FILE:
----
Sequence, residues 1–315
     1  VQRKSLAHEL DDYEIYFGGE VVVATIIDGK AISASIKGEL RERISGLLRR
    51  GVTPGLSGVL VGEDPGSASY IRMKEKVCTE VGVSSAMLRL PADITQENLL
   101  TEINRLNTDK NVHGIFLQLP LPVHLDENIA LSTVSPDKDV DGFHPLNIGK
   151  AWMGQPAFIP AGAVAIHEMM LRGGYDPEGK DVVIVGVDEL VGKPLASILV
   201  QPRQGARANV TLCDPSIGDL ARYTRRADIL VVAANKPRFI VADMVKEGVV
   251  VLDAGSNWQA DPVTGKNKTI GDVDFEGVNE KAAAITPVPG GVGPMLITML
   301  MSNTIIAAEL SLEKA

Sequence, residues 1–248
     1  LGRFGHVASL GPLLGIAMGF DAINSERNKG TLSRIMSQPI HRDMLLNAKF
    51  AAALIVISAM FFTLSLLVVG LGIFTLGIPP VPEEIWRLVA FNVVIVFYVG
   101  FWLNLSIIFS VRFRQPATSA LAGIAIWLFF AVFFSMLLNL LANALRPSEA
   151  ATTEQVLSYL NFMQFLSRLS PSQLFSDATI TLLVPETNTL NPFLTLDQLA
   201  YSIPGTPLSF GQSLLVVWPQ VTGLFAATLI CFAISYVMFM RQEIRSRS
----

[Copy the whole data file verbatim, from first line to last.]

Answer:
Sequence, residues 1–315
     1  VQRKSLAHEL DDYEIYFGGE VVVATIIDGK AISASIKGEL RERISGLLRR
    51  GVTPGLSGVL VGEDPGSASY IRMKEKVCTE VGVSSAMLRL PADITQENLL
   101  TEINRLNTDK NVHGIFLQLP LPVHLDENIA LSTVSPDKDV DGFHPLNIGK
   151  AWMGQPAFIP AGAVAIHEMM LRGGYDPEGK DVVIVGVDEL VGKPLASILV
   201  QPRQGARANV TLCDPSIGDL ARYTRRADIL VVAANKPRFI VADMVKEGVV
   251  VLDAGSNWQA DPVTGKNKTI GDVDFEGVNE KAAAITPVPG GVGPMLITML
   301  MSNTIIAAEL SLEKA

Sequence, residues 1–248
     1  LGRFGHVASL GPLLGIAMGF DAINSERNKG TLSRIMSQPI HRDMLLNAKF
    51  AAALIVISAM FFTLSLLVVG LGIFTLGIPP VPEEIWRLVA FNVVIVFYVG
   101  FWLNLSIIFS VRFRQPATSA LAGIAIWLFF AVFFSMLLNL LANALRPSEA
   151  ATTEQVLSYL NFMQFLSRLS PSQLFSDATI TLLVPETNTL NPFLTLDQLA
   201  YSIPGTPLSF GQSLLVVWPQ VTGLFAATLI CFAISYVMFM RQEIRSRS